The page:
1.1 Early Pompeian visualisation

Despite modern technical achievements, conveying daily Roman life to a non-specialist audience is not an invention of the computer age. Attempts to re-create Roman domestic life in Pompeii have been made in various forms since the site's rediscovery in the mid-18th century. From Piranesi's engravings of the ruins populated by the ghosts of the past (Figure 1) to colourful scenes of luxury from the likes of Domenico Morelli and Sir Laurence Alma-Tadema (Figure 2), the desire to be transported back in time through the medium of artistic vistas of antiquity has existed almost as long as the ruins themselves have been uncovered.

Francesco Piranesi's view of the via Consolare with the House of the Surgeon on the far right
Figure 1: Francesco Piranesi's view of the via Consolare with the House of the Surgeon on the far right (after Fino 2006, 74)

The familiarity of the format works in their favour and they all benefit from the introduction of human characters and, in the later works, colour and the trappings of daily life. It is easy to see the difference this makes when viewing these works. Piranesi's engravings, devoid of colour and set in the ruins as they were in the late 18th century, are designed to highlight the eerie qualities of the site as it was then.

Confidences by Laurence Alma-Tadema
Figure 2: Confidences by Laurence Alma-Tadema (© National Museums Liverpool (Walker Art Gallery) used with permission)

Morelli and Alma-Tadema's vibrant slices of ancient life serve as a contrast, and benefit from colour, clutter and the sense of living, breathing beings going about their usual, and sometimes unusual, business. Morelli and Alma-Tadema's work also undoubtedly carries with it the trappings of Romanticism and illustrates the degree to which visualisations are not only windows into their ancient subjects but also products of the era of their creation. Somewhere between the two lie the creations of such artists as John Martin, James Hamilton and Karl Brjullov, who all depicted the destruction of the city in apocalyptic detail (Mori 2003). Here the focus is on the terrific forces unleashed by the volcano rather than either the town as it was in everyday life or the ruins that were uncovered so long afterward.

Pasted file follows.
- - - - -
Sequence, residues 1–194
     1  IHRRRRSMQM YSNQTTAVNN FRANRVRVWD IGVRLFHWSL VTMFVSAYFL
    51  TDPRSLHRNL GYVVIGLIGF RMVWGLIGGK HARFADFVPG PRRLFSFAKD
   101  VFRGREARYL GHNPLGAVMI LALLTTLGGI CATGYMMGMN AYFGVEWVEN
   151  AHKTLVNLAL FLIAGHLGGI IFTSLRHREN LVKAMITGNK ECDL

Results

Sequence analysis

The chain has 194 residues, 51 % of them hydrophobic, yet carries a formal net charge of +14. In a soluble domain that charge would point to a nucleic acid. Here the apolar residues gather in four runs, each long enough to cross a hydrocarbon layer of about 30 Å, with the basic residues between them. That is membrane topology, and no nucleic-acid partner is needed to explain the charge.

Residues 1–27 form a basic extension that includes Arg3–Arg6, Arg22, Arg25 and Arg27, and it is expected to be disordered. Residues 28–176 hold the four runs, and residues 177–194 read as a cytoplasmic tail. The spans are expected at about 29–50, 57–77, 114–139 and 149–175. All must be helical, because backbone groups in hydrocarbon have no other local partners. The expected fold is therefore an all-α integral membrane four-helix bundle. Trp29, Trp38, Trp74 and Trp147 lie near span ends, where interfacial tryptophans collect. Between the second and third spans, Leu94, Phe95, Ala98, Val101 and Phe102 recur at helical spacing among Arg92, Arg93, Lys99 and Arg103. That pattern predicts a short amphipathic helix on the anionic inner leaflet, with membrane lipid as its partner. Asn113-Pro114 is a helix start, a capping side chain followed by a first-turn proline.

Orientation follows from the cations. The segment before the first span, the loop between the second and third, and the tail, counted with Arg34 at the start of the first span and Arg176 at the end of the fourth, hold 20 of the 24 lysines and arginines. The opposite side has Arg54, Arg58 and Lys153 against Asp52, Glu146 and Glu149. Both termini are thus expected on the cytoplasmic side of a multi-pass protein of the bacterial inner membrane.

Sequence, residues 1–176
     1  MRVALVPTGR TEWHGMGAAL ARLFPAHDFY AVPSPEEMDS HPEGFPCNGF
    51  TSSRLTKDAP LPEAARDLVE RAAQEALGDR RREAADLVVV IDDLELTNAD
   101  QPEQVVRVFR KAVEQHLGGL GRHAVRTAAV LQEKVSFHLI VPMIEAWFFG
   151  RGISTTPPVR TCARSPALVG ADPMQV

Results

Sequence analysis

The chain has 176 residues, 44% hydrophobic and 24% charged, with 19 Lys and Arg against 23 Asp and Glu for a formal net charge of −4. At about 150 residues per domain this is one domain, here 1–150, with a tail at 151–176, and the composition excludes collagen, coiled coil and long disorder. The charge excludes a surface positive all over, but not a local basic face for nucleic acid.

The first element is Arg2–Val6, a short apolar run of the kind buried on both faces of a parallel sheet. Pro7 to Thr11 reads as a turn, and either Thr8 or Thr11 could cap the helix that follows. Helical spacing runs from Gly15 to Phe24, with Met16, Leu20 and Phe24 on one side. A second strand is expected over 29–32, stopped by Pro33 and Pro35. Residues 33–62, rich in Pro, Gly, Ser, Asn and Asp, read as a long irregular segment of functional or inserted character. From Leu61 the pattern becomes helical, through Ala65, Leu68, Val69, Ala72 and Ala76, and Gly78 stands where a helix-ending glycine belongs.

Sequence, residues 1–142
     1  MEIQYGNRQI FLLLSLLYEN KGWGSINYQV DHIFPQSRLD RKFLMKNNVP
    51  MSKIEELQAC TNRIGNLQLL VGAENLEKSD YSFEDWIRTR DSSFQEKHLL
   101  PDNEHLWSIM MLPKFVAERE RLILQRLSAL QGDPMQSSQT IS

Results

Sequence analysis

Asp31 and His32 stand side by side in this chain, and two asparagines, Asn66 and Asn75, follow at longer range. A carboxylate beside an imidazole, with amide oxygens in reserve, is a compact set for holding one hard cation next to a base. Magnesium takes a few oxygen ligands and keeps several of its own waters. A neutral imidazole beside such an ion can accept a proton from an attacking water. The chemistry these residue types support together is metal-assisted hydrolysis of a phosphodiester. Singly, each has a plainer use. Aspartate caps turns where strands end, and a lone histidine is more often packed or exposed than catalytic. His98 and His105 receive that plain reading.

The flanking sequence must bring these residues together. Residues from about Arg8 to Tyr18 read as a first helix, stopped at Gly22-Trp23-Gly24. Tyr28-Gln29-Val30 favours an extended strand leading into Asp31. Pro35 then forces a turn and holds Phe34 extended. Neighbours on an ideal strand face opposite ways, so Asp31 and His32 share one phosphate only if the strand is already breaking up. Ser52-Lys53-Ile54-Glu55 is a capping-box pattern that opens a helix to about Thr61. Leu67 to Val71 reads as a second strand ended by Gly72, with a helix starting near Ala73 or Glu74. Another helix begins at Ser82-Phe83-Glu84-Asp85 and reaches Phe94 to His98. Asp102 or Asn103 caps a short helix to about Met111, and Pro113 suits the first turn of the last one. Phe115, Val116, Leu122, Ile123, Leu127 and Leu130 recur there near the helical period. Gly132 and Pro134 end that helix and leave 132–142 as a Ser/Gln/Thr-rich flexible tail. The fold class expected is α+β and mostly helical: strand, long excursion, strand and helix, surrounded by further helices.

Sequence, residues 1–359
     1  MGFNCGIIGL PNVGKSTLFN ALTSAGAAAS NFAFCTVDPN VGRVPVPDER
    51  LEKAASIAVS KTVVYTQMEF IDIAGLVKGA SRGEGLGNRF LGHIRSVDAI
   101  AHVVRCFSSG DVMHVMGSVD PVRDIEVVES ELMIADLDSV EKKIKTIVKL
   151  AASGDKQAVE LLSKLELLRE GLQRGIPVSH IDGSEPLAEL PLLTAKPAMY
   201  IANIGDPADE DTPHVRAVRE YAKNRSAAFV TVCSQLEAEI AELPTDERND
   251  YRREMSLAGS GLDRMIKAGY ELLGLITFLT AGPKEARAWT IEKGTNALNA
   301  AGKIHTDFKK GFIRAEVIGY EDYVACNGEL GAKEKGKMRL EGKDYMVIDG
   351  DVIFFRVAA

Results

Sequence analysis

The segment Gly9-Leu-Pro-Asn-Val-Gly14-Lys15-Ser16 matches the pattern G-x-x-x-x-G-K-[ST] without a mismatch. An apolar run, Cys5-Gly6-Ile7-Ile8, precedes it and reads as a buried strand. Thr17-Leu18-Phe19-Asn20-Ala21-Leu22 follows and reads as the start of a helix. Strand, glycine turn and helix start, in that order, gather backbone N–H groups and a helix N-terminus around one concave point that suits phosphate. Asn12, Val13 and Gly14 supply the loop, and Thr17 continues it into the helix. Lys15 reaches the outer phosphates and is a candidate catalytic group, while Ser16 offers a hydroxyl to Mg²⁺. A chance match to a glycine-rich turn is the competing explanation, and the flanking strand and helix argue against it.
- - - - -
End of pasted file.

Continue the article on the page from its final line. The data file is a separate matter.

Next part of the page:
The different styles pictured here are an early example of an issue I will try to address in this article; anyone seeking to use Pompeii as the subject of their art has to decide which elements to include and which to exclude in order to achieve the desired effect. All speculative reconstruction has an artistic element as a result of these choices and the process behind deciding on what goes into an image or animation is similar to that followed by artists using less technological approaches than computer-generated 3-D models. More ancient detail in Piranesi's engravings would have changed their tone to one resembling Alma-Tadema's vibrant gaiety. Each artist has selected an approach and included the details they thought necessary to illustrate it, yet it is the gulf between the eerie qualities of the site as the tourist experiences it and the vibrant domesticity evidenced by archaeology that makes visual attempts at reconstruction so important to modern visitors.


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Last updated: Tues Feb 5 2008